Brave New World for Entrepreneurs

The sto­ry of how a cou­ple of guys used Kick­starter to raise the funds to pro­duce a great prod­uct idea.

On July 11th, 2010, Tom Ger­hardt and I had an idea for an iPhone acces­so­ry: a tri­pod mount that dou­bled as a stand. Five months lat­er, cus­tomers began to receive our prod­uct, the Glif, in the mail. This turn­around, from idea to mar­ket in five months by two guys with no retail or man­u­fac­tur­ing expe­ri­ence, sig­ni­fies a shift in the way prod­ucts are made and sold — a shift only made pos­si­ble in the last cou­ple years.

This is has become a dar­ling exam­ple of how a great idea and some smart exe­cu­tion can lever­age a flat world to make some mon­ey, and right­ly so. (via Gru­ber)

AutoCAD on the Mac

Autodesk recent­ly announced they will be ship­ping Auto­CAD 2011 for the Mac (and iOS) some­time in the next cou­ple of months. I think this is great move for them. Per­haps this relys a bit much on some old stereo­types of Mac vs Win­dows users, but I see this is Autodesk’s greater push beyond their tra­di­tion­al users into the more “cre­ative” roles (the impli­ca­tion being that art­sy-fart­sy types use Macs). With their estab­lish­ment of their Media & Enter­tain­ment ver­ti­cal in 1999 and sub­se­quent acqui­si­tions, par­tic­u­lar­ly that of the ani­ma­tion plat­form Maya in 2005, they have become a major play­er in visu­al cre­ative ser­vices. While Auto­CAD (or any 3D CAD plat­form for that mat­ter) isn’t a tra­di­tion­al tool of many cre­ative types, that does­n’t mean that it won’t find some inter­est­ing appli­ca­tions.

No More Watchmen

So Alan Moore says that he does­n’t even want the rights to Watch­men back after DC approach­es him with a deal. So, no more Watch­men sto­ries. Nor­mal­ly, I find myself always want­i­ng more from a world so rich as that cre­at­ed by Moore and artist Dave Gib­bons. How­ev­er, for some rea­son, I can­not imag­ine want­i­ng any­thing else of this sto­ry­line. It stands so com­plete on its own, it just does­n’t need any­thing else. It feels as if every loose end — every last mol­e­cule of sto­ry — is com­plete­ly tied down by the end.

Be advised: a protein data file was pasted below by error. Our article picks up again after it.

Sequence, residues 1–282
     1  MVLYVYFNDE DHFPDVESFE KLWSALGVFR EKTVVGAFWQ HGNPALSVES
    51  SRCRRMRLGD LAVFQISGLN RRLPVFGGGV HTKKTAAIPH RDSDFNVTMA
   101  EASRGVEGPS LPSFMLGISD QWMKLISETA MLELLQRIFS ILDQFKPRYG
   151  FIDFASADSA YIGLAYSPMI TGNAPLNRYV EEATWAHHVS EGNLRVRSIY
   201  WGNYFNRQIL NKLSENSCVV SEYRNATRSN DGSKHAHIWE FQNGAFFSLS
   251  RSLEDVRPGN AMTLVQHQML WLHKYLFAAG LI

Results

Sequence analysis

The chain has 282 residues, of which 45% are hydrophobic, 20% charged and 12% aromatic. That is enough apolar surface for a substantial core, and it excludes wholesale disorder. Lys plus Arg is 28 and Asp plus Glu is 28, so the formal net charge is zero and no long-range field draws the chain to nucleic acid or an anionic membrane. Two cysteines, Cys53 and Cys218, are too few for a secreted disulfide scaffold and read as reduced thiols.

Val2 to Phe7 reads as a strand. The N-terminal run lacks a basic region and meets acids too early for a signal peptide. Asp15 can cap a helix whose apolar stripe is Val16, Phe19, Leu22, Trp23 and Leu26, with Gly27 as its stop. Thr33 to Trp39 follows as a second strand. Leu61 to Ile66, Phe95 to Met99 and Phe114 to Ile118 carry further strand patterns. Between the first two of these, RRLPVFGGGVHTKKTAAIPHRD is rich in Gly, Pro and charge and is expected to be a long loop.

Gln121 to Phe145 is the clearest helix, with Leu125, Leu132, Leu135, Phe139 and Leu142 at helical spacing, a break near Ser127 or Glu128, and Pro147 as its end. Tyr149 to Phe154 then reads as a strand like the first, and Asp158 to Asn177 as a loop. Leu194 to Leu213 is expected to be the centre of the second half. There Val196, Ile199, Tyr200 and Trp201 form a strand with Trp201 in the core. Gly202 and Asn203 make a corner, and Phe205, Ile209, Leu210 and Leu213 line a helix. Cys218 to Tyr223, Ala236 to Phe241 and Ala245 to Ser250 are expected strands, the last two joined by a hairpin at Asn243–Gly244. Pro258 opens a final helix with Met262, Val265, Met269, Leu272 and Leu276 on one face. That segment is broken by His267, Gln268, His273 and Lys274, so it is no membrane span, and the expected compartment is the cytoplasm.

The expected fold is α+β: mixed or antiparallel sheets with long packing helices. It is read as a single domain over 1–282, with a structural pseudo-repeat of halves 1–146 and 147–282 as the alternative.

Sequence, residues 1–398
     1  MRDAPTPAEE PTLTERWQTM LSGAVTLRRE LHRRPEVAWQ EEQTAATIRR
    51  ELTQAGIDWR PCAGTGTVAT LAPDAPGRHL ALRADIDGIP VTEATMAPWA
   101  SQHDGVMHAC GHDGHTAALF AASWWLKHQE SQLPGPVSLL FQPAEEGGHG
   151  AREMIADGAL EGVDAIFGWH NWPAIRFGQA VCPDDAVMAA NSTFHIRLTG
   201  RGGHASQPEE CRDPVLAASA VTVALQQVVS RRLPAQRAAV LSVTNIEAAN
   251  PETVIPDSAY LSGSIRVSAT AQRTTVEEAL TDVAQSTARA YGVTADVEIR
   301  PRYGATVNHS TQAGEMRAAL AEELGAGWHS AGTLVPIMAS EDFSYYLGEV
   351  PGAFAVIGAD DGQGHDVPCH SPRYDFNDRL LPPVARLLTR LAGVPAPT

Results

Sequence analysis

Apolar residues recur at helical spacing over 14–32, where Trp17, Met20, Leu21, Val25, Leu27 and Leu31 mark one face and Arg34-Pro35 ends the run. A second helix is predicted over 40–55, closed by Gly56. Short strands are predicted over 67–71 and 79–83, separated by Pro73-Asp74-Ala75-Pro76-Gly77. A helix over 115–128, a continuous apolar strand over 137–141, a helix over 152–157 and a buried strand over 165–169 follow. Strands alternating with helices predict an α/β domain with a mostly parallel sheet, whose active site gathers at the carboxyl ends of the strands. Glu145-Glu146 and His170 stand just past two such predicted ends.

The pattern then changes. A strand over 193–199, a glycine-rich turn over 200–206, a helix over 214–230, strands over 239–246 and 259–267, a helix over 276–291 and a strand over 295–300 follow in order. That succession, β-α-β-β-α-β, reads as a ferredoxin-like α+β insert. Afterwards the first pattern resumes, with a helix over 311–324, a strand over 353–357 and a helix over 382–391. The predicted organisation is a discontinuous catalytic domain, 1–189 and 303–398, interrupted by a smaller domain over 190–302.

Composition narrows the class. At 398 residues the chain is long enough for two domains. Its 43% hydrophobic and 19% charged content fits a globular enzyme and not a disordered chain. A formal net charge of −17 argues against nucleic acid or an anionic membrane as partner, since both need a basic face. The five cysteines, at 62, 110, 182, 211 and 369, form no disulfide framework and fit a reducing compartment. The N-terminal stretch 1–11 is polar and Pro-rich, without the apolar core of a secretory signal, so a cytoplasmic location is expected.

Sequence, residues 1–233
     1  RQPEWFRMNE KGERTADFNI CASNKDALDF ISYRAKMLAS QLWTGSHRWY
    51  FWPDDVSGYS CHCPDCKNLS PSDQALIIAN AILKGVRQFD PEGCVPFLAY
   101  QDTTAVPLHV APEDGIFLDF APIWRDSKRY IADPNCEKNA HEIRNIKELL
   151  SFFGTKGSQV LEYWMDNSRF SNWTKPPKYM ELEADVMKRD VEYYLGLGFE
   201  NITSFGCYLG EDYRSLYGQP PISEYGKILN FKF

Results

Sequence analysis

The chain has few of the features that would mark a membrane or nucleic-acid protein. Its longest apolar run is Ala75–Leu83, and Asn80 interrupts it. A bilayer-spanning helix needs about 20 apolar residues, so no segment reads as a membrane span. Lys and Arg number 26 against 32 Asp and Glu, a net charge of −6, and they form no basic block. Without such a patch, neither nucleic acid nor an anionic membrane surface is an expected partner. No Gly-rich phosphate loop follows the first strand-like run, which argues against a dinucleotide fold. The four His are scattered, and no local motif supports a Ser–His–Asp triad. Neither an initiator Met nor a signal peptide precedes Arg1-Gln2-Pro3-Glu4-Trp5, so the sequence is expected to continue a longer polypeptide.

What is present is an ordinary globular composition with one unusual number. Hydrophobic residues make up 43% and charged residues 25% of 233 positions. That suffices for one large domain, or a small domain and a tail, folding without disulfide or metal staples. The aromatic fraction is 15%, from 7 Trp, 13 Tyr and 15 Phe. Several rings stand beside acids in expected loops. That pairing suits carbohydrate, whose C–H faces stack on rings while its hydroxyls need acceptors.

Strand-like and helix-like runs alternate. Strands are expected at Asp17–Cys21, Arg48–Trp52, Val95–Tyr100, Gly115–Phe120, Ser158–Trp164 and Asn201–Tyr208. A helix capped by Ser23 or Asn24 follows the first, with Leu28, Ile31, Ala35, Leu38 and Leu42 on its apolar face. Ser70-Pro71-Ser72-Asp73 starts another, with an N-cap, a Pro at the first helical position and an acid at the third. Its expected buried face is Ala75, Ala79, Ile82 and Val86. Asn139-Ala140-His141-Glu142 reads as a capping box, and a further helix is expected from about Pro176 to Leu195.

iPhone for the Deaf

deafmac.org on the WWDC keynote by Steve Jobs yes­ter­day:

The “one more thing” from Steve Jobs was some­thing we all expect­ed – video call­ing on the iPhone 4. What was not expect­ed was how it put Amer­i­can Sign Lan­guage users in the spot­light, at the very end of the Face­Time video.

Of every­thing in the (near­ly two hour) pre­sen­ta­tion, this caught my atten­tion the most. Most of the exam­ples of how Apple thinks iPhone 4 own­ers will use Face­Time were every­thing you’d expect (except for that; you do that that on your own time). How­ev­er, show­ing a con­ver­sa­tion tak­ing place over the phone in ASL was a mov­ing way to show­case how this phone can real­ly do some­thing no oth­er can.

Will the iPhone 4 be the first cell phone that sup­ports com­mu­ni­ca­tion for the hear­ing impaired with no con­fig­u­ra­tion or third-par­ty appli­ca­tions?

Designing User-Focused Context Sensitive Help

This pre­sen­ta­tion by Matthew Elli­son [Goog docs] giv­en at last year’s Aus­tralasian Online Doc­u­men­ta­tion and Con­tent Con­fer­ence (AODC 2009) has some excel­lent points on how to craft online help for con­text sen­si­tive calls. This is some­thing Bent­ley uses (a lot) and I’m try­ing to catch up on. There are real­ly a lot of excel­lent points in these slides. I believe that even if you aren’t employ­ing con­text-sen­si­tive help, struc­tur­ing your help as though you were is just as like­ly to get your users to their answers faster.

Also, the slide in this pho­to (from the same con­fer­ence) made me laugh out loud (lit­er­al­ly, not in a LOL sort of way).

Tax and Spend Conservatives

USA Today’s Den­nis Cau­chon:

Fed­er­al, state and local tax­es — includ­ing income, prop­er­ty, sales and oth­er tax­es — con­sumed 9.2% of all per­son­al income in 2009, the low­est rate since 1950, the Bureau of Eco­nom­ic Analy­sis reports. That rate is far below the his­toric aver­age of 12% for the last half-cen­tu­ry. The over­all tax bur­den hit bot­tom in Decem­ber at 8.8.% of income before ris­ing slight­ly in the first three months of 2010.

“The idea that tax­es are high right now is pret­ty much nuts,” says Michael Ettlinger, head of eco­nom­ic pol­i­cy at the lib­er­al Cen­ter for Amer­i­can Progress.

Who was in charge when the coun­try had its last bud­get sur­plus? Bill Clin­ton (D). Who was in charge when it (quick­ly) end­ed and we reached the high­est deficit in his­to­ry? George W. Bush ®. Who is in charge now that we have the low­est tax­es in six decades? Barack Oba­ma (D).

Who near­ly bank­rupt the Com­mon­wealth of Vir­ginia with spend­ing? A long line of Repub­li­can gov­er­nors. Who slashed spend­ing and got the state back in the black? Mark Warn­er (D).

So do we all under­stand the notion of ‘tax and spend lib­er­al’ is a boogey­man? I sure hope so. (via Gru­ber)